The Big East and West Virginia have yet to work out a resolution to their competing lawsuits, but there is a status hearing set for Thursday in the case filed in Rhode Island.
As a refresher, West Virginia filed suit against the Big East in its home state in order to be able to leave for the Big 12 in time for the 2012 season. The Big East filed its own lawsuit in Rhode Island in order to compel West Virginia to stay the full 27 months before leaving, as dictated by conference bylaws. The judge in that particular case has ordered non-binding mediation in the hopes of expediting a settlement.
There are many legal questions about the cases, so I turned to two experts -- Lester Munson, ESPN senior writer and legal analyst; and Christian Dennie, a former NCAA compliance officer who now practices sports law in Fort Worth, Texas, and contributes to his firm's blog.
The biggest question is this one -- say there is no settlement and both cases proceed. What happens in the event of two different rulings? There seem to be no clear-cut answers.
Dennie: The first ruling will create critical problems for the second case because the same issues will be litigated in both cases. This would create issues of res judicata (preclusion of the case) and collateral estoppel (issue preclusion). Both are affirmative defenses that may cause the second case to be dismissed.
Munson: For res judicata to work, the legal issues in the two cases must be identical. The declaratory judgment in Morgantown is clearly a legal procedure different from the request for an injunction in Providence. A decision on a declaratory action would not bind a decision on an injunction. For collateral estoppel to work, the factual issues must be identical. Most lawyers would be able to find factual differences between these two cases. But, even if the facts are viewed as identical, that would not prevent the decisions from conflicting. Using the same facts, the Morgantown judge could say that WVU can depart, and the Providence judge could say that WVU must stay.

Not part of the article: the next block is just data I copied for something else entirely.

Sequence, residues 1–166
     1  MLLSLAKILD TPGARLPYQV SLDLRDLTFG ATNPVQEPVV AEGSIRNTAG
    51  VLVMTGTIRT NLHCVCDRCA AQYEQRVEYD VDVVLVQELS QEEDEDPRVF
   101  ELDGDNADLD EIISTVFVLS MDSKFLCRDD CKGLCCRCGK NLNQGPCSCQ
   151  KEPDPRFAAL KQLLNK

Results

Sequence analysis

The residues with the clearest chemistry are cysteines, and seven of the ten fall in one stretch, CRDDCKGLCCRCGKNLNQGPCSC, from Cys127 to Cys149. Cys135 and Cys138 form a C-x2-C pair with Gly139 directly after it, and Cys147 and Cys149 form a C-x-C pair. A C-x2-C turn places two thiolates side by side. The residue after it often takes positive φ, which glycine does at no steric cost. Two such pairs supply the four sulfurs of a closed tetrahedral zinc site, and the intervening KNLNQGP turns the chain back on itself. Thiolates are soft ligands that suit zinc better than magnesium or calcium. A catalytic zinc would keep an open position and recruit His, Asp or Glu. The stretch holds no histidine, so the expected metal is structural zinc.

West Virginia has already made plans to play in the Big 12 for 2012, regardless of these ongoing court cases. Is there any way for the Big East to compel West Virginia to stay the full 27 months?
Dennie: Yes. The Big East is seeking to enjoin WVU, which would require it to honor the terms of their agreement for 27 months. This is what they are arguing in the Rhode Island case when they seek injunctive relief.
Munson: Is any judge willing to issue an injunction requiring a school to play in a conference? It’s one of those eternal questions in American law -- how much power does a judge have to force somebody in a free society to do something they do not wish to do, particularly a university? Injunction as an answer has problems all by itself. It's going to be harder for the Big East to get the injunction than it's going to be for West Virginia to get permission from the judge in Morgantown.
What if West Virginia leaves anyway?
Dennie: If the court issues an injunction and WVU does not follow the order of court, then WVU would likely be found in contempt. I doubt that will happen. They would buy out the order before letting that happen.
Munson: Christian may be correct when he says WVU would buy its way out from under an injunction and a contempt ruling. It would be difficult for a public university to defy a court order.
How solid is West Virginia's case against the Big East?
Dennie: At this point, it appears that the Big East will survive and has obtained new members to remain viable. WVU, however, argues that the conference breached fiduciary duties by not staying active during the carousel of conference realignment. In theory it is an interesting argument, but one that is difficult to make in light of the fast and loose times of the last 24 months.
Munson: The WVU argument that the Big East has failed in some "fiduciary" duty is a weak argument. I am not sure the duty even exists. It's a business organization. Its duty is to perform the collective will of its members. It's duty is to all members, not to one member. Even if it is a duty, it is not a fiduciary duty. To qualify as a fiduciary duty, it must be clearly established in law like a duty of a trustee to the beneficiaries of the trust. The WVU use of the term fiduciary duty is a desperate attempt to invent an argument where no argument exists.
What type of precedent does it set for Pitt and Syracuse should West Virginia be allowed to leave early?
Dennie: Whether by settlement or court order, this matter will set a precedent. If by settlement, other schools will know what they are negotiating against. If by court order, the schools or conference will point to the ruling as support.